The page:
Jim Crace


The Devil's Larder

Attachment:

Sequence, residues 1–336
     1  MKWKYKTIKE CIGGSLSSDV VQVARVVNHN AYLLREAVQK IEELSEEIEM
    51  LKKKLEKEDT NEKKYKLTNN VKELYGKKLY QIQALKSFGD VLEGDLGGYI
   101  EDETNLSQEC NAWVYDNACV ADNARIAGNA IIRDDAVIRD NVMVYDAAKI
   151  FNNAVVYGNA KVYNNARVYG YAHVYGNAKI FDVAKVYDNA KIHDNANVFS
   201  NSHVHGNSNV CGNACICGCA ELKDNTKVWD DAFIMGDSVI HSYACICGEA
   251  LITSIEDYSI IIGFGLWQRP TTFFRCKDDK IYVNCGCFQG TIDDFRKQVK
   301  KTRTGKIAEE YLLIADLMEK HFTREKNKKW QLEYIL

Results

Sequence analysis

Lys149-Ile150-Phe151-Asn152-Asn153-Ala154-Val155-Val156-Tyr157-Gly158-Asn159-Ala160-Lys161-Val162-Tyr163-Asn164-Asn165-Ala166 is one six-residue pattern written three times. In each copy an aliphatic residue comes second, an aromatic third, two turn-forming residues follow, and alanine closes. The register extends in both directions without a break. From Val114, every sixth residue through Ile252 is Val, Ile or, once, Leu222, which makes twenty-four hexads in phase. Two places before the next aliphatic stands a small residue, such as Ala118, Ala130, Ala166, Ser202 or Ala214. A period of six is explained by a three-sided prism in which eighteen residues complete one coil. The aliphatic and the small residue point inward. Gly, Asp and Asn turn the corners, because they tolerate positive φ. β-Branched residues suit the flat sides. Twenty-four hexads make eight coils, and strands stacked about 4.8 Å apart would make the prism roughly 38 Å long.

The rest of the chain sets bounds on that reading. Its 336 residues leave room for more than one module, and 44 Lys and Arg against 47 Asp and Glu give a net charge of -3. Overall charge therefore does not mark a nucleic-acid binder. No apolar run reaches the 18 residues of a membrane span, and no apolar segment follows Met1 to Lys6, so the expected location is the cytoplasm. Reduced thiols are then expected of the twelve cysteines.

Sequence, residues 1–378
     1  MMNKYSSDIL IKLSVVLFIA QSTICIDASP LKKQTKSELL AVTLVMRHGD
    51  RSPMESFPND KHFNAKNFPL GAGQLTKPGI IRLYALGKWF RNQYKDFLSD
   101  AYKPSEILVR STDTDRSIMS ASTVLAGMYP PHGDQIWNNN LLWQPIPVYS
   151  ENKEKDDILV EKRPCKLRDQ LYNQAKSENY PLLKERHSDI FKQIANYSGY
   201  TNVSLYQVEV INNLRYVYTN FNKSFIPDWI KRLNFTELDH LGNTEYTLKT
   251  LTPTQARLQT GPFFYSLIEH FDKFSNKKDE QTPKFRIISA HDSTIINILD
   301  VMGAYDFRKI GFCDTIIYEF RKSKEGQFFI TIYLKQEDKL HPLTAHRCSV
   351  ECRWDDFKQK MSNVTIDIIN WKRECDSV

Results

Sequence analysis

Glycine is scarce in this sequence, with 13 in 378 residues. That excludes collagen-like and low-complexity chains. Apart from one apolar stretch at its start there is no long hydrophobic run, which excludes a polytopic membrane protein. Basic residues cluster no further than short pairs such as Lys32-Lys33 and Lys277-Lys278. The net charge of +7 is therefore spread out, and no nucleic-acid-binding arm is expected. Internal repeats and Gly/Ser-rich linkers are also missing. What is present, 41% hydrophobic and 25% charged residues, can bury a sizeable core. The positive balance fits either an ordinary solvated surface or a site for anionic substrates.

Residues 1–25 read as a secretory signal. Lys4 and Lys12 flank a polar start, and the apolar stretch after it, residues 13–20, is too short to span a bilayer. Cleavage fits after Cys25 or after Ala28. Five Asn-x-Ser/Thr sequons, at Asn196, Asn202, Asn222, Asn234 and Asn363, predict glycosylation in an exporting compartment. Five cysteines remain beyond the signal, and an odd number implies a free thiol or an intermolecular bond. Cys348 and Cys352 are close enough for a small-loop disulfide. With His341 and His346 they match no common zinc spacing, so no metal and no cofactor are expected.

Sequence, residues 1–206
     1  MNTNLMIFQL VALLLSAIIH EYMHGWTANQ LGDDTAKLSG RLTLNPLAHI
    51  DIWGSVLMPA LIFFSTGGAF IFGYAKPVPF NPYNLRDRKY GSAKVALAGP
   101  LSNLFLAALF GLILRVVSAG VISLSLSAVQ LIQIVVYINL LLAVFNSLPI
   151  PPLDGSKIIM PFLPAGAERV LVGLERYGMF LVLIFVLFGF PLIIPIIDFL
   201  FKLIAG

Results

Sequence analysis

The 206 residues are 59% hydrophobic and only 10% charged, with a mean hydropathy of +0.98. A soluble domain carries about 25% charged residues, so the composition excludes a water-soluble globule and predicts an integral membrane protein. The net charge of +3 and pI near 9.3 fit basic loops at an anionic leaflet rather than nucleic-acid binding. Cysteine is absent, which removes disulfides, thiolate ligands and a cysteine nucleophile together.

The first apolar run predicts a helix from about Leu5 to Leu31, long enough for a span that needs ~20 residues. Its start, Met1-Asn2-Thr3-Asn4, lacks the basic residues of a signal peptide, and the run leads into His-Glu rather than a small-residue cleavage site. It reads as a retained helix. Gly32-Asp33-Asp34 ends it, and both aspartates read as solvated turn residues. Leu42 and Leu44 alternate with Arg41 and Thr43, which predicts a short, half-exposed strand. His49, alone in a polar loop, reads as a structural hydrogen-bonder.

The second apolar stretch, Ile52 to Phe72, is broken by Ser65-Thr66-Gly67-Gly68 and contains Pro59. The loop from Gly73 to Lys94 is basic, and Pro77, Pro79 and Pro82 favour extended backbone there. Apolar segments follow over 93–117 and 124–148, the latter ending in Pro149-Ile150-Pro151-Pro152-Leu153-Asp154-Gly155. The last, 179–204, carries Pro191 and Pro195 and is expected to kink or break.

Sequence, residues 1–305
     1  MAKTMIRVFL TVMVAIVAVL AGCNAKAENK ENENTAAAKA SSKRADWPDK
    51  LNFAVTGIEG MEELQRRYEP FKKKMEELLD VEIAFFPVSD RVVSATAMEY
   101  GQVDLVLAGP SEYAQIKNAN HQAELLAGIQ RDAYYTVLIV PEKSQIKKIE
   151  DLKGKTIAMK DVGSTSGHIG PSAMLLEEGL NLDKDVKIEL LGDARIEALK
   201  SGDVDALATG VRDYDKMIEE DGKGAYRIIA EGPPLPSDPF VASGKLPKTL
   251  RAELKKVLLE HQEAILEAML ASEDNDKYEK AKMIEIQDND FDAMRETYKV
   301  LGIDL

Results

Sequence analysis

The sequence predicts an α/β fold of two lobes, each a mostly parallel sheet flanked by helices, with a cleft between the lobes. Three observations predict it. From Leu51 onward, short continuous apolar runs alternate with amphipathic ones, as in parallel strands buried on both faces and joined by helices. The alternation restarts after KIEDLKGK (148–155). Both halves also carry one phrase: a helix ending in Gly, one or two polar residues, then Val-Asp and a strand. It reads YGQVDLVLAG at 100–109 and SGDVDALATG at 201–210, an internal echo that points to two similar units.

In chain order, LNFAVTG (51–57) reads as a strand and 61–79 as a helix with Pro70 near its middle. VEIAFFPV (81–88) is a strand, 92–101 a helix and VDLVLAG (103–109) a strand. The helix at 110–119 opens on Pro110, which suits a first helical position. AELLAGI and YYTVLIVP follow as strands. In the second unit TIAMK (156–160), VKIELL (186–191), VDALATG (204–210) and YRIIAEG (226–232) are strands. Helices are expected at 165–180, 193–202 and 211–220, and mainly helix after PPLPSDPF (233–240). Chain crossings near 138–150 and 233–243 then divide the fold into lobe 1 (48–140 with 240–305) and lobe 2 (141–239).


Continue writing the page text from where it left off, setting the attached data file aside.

Here, after midnight on the seventh floor, room service is provided by a refugee. Her name—unlikely consonants, and then too many vowels—is printed on an apron tag. Her face is fiery, peppered by the many sweets she sucks from “late till six” as she sits on her hard chair at what the waiters call the Bus Station. It is her job to collect the ordered trays of food and drink from the service hatch and take them down the corridors—now reeking of cigars, cheap scent and cannabis, and far from silent with the clatterings of one-night stands and thoughtless television sets and arguments—to restless, needy men who ought to be in bed asleep. A man, awake beyond midnight, is unpredictable.